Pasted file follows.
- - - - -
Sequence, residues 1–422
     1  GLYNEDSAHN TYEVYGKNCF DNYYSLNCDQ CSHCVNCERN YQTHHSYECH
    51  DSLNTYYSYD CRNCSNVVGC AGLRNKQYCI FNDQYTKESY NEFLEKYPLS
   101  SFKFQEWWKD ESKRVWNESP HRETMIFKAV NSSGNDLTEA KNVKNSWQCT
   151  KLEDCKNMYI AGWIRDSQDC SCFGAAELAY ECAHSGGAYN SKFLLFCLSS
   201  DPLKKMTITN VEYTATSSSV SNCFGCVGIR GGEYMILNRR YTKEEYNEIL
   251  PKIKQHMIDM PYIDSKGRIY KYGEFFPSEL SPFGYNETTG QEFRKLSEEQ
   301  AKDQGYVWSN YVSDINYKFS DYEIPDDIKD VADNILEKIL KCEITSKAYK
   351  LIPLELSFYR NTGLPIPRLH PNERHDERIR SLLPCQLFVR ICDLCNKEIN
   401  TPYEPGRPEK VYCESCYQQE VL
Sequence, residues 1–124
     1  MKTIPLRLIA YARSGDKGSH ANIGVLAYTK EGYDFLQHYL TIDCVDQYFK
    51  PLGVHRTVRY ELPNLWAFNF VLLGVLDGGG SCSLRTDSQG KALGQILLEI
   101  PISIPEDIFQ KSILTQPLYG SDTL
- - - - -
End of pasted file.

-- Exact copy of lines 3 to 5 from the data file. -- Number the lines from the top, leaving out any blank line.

    51  DSLNTYYSYD CRNCSNVVGC AGLRNKQYCI FNDQYTKESY NEFLEKYPLS
   101  SFKFQEWWKD ESKRVWNESP HRETMIFKAV NSSGNDLTEA KNVKNSWQCT
   151  KLEDCKNMYI AGWIRDSQDC SCFGAAELAY ECAHSGGAYN SKFLLFCLSS